Part of a set. See all set records
Blanc-de-chine porcelain; gilt bronze mount
Overall: 26.3 x 21.3 cm (10 3/8 x 8 3/8 in.)
Weight: 2.18 kg
Nancy F. and Joseph P. Keithley Collection Gift 2020.200.1
Potpourri vases always have holes in the top to let the scent of dried spices and flowers contained within freshen the air around them.
These vases were likely made by the celebrated Parisian ceramics firm of Edmé Samson (1810-91). To cater to the resurgence in taste for 18th-century designs, the Samson firm specialized in making reproductions of rare 18th-century European porcelains, especially those from firms that had already copied Chinese porcelains. In this case, these vases are designs taken from models produced by the St. Cloud factory in the 1750s after earlier Qing dynasty Chinese ceramics. However, the telltale sign that these vases are made by Samson and not St. Cloud is that the originals would have been made from a soft-paste porcelain (fired at a lower temperature), while these examples are made of hard-paste porcelain (fired at the highest temperature).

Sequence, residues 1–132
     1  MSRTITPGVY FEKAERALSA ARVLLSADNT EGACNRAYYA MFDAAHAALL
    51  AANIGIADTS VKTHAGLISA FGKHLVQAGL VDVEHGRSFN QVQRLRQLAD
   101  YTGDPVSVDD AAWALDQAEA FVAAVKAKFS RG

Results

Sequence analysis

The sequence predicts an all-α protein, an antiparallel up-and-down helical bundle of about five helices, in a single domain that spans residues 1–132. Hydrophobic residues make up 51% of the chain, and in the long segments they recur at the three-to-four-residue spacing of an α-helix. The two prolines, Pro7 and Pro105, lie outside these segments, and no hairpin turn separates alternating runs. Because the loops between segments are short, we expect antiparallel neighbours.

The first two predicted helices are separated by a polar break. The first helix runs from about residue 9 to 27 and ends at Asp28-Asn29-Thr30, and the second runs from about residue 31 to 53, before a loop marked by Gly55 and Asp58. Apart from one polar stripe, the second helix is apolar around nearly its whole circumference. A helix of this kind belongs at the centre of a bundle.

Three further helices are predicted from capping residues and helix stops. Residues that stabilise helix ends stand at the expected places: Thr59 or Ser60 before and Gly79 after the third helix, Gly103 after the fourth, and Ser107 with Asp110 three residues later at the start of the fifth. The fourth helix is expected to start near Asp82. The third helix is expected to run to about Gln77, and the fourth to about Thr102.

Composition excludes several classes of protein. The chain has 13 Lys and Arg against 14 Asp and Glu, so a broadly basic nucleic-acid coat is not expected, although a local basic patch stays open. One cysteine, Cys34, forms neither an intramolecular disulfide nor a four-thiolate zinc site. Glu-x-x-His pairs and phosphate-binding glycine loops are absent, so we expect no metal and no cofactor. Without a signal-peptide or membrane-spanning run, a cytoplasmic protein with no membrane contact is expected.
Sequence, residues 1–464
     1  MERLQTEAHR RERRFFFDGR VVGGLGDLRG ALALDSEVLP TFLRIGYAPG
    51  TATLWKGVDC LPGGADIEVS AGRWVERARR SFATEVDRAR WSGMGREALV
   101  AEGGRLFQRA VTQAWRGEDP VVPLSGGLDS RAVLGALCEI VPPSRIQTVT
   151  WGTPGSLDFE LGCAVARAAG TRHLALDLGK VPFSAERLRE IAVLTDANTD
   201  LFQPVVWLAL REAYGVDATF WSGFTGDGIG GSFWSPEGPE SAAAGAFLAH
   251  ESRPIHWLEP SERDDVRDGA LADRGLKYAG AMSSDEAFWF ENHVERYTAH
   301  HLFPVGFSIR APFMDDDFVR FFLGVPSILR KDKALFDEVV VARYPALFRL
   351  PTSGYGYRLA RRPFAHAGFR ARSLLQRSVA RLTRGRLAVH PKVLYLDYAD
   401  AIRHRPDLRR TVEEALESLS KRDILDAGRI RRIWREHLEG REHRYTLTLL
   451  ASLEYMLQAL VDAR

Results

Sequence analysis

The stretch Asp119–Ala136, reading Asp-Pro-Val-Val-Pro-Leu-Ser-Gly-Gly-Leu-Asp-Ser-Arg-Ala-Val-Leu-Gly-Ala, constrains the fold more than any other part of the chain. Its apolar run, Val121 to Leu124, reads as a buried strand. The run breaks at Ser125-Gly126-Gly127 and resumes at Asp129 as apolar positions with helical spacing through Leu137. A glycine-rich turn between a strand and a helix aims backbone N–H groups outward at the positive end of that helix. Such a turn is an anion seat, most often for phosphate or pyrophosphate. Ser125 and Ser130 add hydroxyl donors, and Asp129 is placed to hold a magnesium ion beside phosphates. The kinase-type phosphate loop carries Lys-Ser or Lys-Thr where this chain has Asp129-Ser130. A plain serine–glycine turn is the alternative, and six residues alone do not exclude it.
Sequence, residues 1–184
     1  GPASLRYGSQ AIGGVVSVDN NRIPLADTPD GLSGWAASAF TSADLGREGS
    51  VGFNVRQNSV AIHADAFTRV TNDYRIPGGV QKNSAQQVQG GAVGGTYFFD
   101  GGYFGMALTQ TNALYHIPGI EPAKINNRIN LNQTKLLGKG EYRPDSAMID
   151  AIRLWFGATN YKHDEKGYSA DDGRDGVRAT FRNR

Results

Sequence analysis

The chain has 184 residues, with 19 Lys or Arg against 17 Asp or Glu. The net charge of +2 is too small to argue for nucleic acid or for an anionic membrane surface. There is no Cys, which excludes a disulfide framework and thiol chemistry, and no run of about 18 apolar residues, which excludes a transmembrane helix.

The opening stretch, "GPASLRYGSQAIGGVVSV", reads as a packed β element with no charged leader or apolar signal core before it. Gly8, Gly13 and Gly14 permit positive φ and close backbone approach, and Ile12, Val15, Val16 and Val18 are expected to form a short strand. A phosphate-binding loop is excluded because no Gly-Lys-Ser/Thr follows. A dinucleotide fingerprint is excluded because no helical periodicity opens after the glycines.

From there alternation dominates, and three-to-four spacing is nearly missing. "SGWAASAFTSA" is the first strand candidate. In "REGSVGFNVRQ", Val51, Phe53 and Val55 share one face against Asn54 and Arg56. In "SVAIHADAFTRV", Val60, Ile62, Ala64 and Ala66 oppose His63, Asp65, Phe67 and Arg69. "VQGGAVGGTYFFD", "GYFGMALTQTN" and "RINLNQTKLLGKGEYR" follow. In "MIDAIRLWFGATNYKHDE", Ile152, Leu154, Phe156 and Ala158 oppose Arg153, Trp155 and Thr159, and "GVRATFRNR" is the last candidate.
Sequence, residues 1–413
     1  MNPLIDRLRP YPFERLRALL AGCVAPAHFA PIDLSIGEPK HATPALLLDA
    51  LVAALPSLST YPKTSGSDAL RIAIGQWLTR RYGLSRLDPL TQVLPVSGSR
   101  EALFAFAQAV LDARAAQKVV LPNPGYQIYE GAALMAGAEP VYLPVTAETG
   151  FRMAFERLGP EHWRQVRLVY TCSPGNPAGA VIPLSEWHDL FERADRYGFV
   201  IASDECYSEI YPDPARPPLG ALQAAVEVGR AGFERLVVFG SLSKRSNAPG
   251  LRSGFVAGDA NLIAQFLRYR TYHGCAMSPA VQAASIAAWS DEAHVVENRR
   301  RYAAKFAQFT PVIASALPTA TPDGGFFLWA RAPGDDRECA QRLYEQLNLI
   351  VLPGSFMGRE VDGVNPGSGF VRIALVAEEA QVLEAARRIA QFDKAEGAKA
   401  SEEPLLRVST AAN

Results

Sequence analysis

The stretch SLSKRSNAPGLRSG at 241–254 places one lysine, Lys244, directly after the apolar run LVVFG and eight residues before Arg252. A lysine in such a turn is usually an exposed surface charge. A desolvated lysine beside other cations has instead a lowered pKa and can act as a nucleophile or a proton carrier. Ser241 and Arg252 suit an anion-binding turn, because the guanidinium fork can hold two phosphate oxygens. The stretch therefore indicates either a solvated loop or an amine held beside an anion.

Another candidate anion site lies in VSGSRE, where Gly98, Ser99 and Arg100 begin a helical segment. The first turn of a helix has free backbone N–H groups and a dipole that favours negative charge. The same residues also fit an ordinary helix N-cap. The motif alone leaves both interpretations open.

The information about this object, including provenance information, is based on historic information and may not be currently accurate or complete. Research on objects is an ongoing process, but the information about this object may not reflect the most current information available to CMA. If you notice a mistake or have additional information about this object, please email firstname.lastname@example.org.
To request more information about this object, study images, or bibliography, contact the Ingalls Library Reference Desk.
Request a digital file from Image Services that is not available through CC0, a detail image, or any image with a color bar. If you have questions about requesting an image, please email email@example.com.